All these are serious questions, which show that such a concrete code will not solve the problems we face. We will need abstraction to progress further than the limits of particularity and achieve the level of a thematic data-miner. We have seen that in our examples we had a hierarchy of semantic concepts and also, we can observe the rule that an ancestor concept is an ancestor structurally as well. Also, the algorithm we had above has a pattern of searching for the child concept in the context of the parent concept.

    In reality we also have the problem of conceptual inconsistency, that is, the structure of the same data-source can be varied and in some cases they are at a totally different location in the structure. To give you a practical example, let’s consider the example we had about real-estate properties and their dimensions particularly. It is possible that the height of the real estate makes it very attractive for buyers, so the developers of the data-source decided to show the height separately, in an emphasized manner, at the top of the page and not to show it at its usual place. In this case, if we would not cope with this important detail, we would miss the height for real-estate properties where the height is the most important detail; we would miss the stars of the show.

    2.2. Semantic rules

    In 2.1 we have seen how we can have an understanding about the conceptual essence. Naturally, the concepts are useful by themselves, but we need to build up a powerful structure, a signature of the concepts, which, if shown on a diagram would describe the essence of the structure, the conceptual essence in such a powerful way that one could understand it at a glance (unless there are too many nodes for a human, of course).

    In order to gain the ability to build up such a powerful structure we need to find patterns, but in a more systematic way than the one we have seen in the naive code used as an example. Concepts can be described by rules. I call these rules semantic rules. What attributes describe a concept:

    • parent concept(s): Which concepts can be the parents of the current concepts? A special case is a root parent. Also, the possibility to define multiple parents is to avoid duplication when the very same concept in the very same substructure can be present at various places.
    • descendant(s): Useful to make the rule more specific and possibly filter out unneeded cases and thus increase performance.
    • relative path: How can the given concept be found starting from the parent concept as root?
    • plurality: Should we stop at the first match, or continue searching?
    • excludes: Which concepts are excluded if this concept is matched? (this is a symmetrical relation)
    • implies: What concepts imply this concept? (consequently, if this concept is not matched, the concepts which imply it can be excluded as well)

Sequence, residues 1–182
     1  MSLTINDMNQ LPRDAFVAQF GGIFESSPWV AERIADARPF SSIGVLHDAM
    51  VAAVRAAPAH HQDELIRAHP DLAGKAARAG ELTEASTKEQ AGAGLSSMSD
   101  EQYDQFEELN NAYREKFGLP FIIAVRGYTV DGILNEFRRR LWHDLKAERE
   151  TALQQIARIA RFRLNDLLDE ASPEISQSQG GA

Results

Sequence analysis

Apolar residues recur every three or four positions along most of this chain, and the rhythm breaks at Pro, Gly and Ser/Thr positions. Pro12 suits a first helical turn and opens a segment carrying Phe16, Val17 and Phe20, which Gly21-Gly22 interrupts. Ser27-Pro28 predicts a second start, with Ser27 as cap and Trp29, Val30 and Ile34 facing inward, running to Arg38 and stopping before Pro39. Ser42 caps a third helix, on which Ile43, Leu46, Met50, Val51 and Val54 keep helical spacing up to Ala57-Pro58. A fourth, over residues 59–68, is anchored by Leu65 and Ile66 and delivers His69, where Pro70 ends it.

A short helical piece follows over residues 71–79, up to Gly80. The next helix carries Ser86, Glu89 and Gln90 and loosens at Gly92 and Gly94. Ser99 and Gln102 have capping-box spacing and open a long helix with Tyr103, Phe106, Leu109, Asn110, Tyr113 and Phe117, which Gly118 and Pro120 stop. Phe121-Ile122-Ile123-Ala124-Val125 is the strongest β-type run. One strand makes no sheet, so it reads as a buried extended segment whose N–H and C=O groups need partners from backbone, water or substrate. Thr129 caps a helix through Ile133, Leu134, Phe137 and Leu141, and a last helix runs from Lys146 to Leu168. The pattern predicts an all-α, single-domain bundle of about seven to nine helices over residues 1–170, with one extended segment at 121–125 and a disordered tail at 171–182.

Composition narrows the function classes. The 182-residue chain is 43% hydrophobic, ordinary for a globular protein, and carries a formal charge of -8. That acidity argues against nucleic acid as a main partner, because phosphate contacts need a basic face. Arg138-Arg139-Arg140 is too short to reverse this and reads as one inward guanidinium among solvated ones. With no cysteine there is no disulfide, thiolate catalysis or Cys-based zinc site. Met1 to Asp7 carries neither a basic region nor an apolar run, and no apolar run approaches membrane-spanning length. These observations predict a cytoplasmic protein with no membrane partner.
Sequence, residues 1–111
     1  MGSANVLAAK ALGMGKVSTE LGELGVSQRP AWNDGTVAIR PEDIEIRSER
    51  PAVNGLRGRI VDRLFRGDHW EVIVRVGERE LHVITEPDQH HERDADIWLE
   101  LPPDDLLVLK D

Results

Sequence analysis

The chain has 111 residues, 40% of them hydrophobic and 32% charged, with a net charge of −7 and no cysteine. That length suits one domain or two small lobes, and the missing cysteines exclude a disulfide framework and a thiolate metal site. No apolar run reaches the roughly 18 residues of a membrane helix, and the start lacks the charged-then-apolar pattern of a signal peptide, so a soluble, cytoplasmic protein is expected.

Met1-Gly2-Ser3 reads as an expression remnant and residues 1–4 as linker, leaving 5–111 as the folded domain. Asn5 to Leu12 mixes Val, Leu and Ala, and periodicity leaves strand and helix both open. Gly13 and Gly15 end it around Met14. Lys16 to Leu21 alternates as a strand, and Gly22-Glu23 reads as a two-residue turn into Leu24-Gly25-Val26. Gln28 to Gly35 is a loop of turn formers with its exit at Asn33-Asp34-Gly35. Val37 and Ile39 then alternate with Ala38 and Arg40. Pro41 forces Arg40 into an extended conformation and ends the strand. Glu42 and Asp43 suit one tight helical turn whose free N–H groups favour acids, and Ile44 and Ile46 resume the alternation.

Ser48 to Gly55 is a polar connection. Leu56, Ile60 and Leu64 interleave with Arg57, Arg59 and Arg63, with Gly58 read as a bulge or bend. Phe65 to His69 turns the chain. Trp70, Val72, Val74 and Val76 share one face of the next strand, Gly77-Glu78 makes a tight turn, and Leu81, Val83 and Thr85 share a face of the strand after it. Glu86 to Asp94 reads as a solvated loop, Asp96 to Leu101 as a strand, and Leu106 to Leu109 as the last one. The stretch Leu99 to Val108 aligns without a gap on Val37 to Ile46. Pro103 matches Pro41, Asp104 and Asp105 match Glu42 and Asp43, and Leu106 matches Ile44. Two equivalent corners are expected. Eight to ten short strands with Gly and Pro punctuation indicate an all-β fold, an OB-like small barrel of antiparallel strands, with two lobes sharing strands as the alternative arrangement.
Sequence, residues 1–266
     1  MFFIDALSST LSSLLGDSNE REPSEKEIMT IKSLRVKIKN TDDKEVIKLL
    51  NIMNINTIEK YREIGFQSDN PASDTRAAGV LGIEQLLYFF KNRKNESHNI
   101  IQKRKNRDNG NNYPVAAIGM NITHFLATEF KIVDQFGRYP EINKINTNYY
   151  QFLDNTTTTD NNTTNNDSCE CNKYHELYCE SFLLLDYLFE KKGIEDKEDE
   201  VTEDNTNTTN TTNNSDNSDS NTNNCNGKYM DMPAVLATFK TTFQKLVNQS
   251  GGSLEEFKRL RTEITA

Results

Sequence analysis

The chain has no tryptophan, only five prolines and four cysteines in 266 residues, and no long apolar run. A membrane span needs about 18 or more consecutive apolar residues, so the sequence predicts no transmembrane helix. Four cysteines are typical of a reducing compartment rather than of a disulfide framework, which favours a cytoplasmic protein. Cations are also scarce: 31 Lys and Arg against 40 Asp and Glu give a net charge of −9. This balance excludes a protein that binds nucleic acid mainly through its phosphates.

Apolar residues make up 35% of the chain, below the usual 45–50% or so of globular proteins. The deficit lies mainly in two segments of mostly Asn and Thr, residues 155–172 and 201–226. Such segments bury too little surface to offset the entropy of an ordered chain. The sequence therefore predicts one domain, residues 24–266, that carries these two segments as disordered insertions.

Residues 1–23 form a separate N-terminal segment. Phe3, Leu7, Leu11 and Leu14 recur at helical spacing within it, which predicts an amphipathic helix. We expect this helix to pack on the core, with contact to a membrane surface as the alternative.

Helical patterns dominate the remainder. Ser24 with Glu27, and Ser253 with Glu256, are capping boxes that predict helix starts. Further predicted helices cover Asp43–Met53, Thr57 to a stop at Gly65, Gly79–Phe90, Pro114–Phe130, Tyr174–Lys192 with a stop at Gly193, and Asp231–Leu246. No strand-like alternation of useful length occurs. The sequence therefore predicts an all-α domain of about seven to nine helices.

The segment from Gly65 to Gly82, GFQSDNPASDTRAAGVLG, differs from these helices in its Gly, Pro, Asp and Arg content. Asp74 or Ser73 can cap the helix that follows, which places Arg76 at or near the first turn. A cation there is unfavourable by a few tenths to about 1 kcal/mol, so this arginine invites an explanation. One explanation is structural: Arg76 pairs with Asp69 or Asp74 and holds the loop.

• value: Where the actual value of the concept can be found.

    If the structure of the data source changes over time, then occasionally the semantic rules will have to change as well. However, arguably in the majority of cases the relative path of the concepts will be the only thing to be changed in this case, which is much easier to maintain than to refactor code. If the relative path descriptor does not change and the virtual structure of our semantic rules remains similar, then our data-miner might just work well even if the data-source is changed.

    For example, in the case of web-crawlers, writing the initial code-base is just a fraction of the long-term costs. The real financial burden is maintaining the crawlability of many thousands of different sites, all changing from time to time. With semantic rules, even if they are defined manually the maintainability is largely simplified. Yet, if we have a module which proposes the new semantic rules, it would not hurt if there are many data-sources.

    Imagine the case when we already have a well-defined set of semantic rules and a cron job detects that some data from a data source was not found in the last few hours, so it would search for the missing data in the data-source and, once found, it would generate the semantic rules for it and propose a new semantic tree of rules, which would run in parallel with the main semantic tree and store data in some experimental place. When the human developers would arrive back and check the reports, they would see that the data-miner thinks that the semantic tree needs to be changed and even has a proposal, also, for the case when the data-miner is right with its proposal, nothing was missed, the extracted data is among the experimental data, but once the new semantic tree is accepted, the experimental data would override the actual data.

    Of course, the engine will not be 100% accurate in such a case, its suggestion might be mistaken, or, even if accurate, slight adjustments might be helpful. A relative path might be less accurate than needed, or the concept in the changed structure might have a different plurality, but even if there is room for improvement, such an automatic feature, generating a new semantic tree would be extremely helpful and would make sure that data is accurately extracted even in the case of large changes.

    If the owner of the data-source is cooperating, then he/she could provide the changed semantic tree.

    The parser is the part of the project which should do the job of handling composite data, but at the level of semantic rules the parser could be helped with a strategy of defining rules. One could define a syntax for the parser, so it would know which concepts are not atomic and maybe even some clues about how should they be parsed.

    Synonyms could be dealt with keyword clusters.

    Navigation can be handled by a module created for this purpose, we can call it the navigation module. The algorithm below describes how data-mining should occur:

    while (page ← page.next())
        for each element in elements
            for each node in semanticTree  // breadth-first or depth-first traversing
                if (applicable(node)) then extract(node)